It can be said that the Marine Corps is now at a serious junction where important decisions will simply have to be made and not put off until later. The issues are many and some are grounded in what the DoD is doing to the Navy, which, of course, affects the Corps. In this article I will take a look at how the Marine Corps is being affected by shortages of ships, longer deployments, and less maintenance on vessels.
The second half of a newly released report by the Center for Strategic and Budgetary Assessments (CSBA) entitled “Deploying Beyond Their Means”, some interesting and concerning facts were presented. In terms of the Marine Corps specifically…
The Corps has announced that it intends to go back to a renewed effort concentrating on amphibious operations, now that its role as a large-scale ground attack force has ended in the Middle East.
The Marine Corps is set up to normally deploy as a MEB (Marine Expeditionary Brigade), with a task force of about 17,000 Marines within a Regimental Landing Team. To do this, Marine planners estimate that one MEB would need 17 amphibious ships, and that the total ships needed for the whole force would be 38 (this is with 10-15 percent of available ships being in maintenance). Because of fiscal issues, the Marines say they can get by with 30 ships (overall 33 with a percentage in maintenance docks).
Overall manpower, which is shrinking in the Corps, is what generally limits its forward presence capabilities. Due to budget cuts, the Corps is reducing its force from a high of 202,000 to reach a force of 182,000 by 2017. Some Marine leaders are concerned that future budgetary cuts may result in the Corps going to as low as 174,000. At this level, the Corp may be forced to shed many global commitments, or be faced with a very high deployment-to-dwell (D2D) ratio.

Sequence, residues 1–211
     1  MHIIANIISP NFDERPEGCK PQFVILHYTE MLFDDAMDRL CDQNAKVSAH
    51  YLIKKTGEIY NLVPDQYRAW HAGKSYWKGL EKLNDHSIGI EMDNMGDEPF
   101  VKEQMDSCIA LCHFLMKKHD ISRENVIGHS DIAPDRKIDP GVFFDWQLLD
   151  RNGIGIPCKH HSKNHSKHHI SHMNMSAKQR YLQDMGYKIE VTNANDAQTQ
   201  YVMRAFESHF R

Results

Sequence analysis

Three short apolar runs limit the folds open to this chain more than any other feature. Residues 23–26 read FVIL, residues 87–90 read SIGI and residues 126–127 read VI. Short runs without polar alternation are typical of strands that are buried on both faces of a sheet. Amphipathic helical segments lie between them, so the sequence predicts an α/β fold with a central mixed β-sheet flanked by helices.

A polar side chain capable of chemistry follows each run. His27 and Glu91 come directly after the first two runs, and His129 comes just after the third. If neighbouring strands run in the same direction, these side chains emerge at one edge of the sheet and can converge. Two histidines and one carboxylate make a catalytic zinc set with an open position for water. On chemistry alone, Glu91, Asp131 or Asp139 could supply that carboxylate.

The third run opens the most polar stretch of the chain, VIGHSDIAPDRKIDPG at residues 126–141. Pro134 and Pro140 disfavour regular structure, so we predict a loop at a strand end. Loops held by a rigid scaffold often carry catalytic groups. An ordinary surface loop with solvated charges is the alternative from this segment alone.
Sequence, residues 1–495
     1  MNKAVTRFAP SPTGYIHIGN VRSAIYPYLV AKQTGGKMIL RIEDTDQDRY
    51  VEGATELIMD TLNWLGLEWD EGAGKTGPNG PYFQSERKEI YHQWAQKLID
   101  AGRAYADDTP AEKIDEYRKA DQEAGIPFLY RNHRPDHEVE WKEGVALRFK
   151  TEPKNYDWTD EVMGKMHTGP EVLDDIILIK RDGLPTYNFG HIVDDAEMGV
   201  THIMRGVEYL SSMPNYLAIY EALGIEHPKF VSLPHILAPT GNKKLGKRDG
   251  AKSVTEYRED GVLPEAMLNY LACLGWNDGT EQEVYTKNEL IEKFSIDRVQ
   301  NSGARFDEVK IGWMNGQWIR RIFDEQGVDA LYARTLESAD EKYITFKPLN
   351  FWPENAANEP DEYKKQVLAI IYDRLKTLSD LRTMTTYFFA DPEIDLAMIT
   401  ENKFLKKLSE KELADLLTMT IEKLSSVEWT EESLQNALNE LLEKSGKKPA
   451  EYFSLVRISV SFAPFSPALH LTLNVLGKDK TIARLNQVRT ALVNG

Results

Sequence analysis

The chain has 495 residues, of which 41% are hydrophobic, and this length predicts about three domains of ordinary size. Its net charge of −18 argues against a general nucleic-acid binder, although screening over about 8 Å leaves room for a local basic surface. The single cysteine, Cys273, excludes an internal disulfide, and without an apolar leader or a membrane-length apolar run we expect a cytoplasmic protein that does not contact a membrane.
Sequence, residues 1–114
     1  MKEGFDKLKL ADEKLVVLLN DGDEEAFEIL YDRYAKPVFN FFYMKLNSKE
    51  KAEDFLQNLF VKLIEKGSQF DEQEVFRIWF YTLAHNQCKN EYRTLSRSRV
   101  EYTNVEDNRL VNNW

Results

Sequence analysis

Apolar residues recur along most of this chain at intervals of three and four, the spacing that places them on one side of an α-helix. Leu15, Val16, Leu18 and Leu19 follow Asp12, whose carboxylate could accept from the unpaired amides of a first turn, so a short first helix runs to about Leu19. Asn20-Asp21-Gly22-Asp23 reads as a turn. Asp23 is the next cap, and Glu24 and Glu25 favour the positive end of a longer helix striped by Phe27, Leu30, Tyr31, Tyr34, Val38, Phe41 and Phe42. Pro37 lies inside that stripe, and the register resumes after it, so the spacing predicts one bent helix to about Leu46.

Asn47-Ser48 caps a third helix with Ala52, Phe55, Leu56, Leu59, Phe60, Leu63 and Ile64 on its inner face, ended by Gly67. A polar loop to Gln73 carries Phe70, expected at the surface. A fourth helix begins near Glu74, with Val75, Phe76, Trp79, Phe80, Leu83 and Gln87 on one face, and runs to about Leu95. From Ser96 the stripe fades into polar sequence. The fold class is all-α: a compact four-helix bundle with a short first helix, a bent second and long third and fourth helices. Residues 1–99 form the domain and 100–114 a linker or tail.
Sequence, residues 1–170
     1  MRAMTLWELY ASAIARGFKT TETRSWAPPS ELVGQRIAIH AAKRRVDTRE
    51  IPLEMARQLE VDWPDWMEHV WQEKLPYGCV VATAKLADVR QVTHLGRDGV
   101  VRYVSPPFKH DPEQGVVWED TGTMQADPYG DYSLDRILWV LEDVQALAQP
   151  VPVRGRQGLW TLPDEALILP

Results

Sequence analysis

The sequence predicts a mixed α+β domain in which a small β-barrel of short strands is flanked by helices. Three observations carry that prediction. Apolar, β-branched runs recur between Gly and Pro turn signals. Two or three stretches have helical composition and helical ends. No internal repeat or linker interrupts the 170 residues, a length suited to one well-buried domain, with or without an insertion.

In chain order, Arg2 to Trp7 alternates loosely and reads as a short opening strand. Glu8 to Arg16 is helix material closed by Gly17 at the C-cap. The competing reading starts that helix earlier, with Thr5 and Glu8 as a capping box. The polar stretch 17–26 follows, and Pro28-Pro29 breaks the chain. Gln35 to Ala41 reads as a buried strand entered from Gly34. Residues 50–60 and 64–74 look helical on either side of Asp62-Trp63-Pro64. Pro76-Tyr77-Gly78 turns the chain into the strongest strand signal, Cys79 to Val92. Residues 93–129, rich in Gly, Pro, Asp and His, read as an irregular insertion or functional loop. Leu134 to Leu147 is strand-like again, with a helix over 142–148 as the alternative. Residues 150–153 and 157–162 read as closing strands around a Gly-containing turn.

Worldwide, there were about 32,400 Marines deployed as of February 2015. Of these, roughly 6,800 were at sea with MEUs; 25,600 were not at sea and were participating in rotational missions, overseas exercises, and contingency response, including operations in Iraq. Most of these were active duty Marines.
The Marines have reported that the lowest acceptable D2D ratio for the operating forces is 1:2; this comes out to 14 months in garrison for every 7 months deployed. When ratios fall below 1:2, problems start to arise due to the added strain on both Marines and their families.
If no additional commitments are made to the current forward posture the Corp is handling, the Corp would need to keep at least a force of 100,000 Marines to just support and maintain the global requirements it has while being able to maintain a 1:2 D2D ratio. If another global emergency occurs that requires the presence of the Corps, the D2D will drop to critical levels. If total force were to expand to 184,000, some units such as KC-130 tanker squadrons, infantry battalions, and MV-22 Osprey squadrons would be greatly affected.
Although a D2D ratio of 1:2 is considered to be adequate for short-term purposes, the ideal ratio is 1:3. This level allows for non-deployed Marines to participate in training exercises, allows for more maintenance time especially for advanced systems such as aircraft, and allows for more time for Marines to have with families.
To hit the ratio of 1:3, the Corps would have to increase the size of its operating forces to roughly 120,000 and the overall size of the force to 200,000.
With the Corps having a hard time maintaining a total active strength of about 182,000, there are some serious questions that need to be addressed concerning the Corps’ ability to meet this long-term sustainability level and its current rotational requirements.
Disclaimer: The content in this article is the opinion of the writer and does not necessarily reflect the policies or opinions of US Patriot Tactical.
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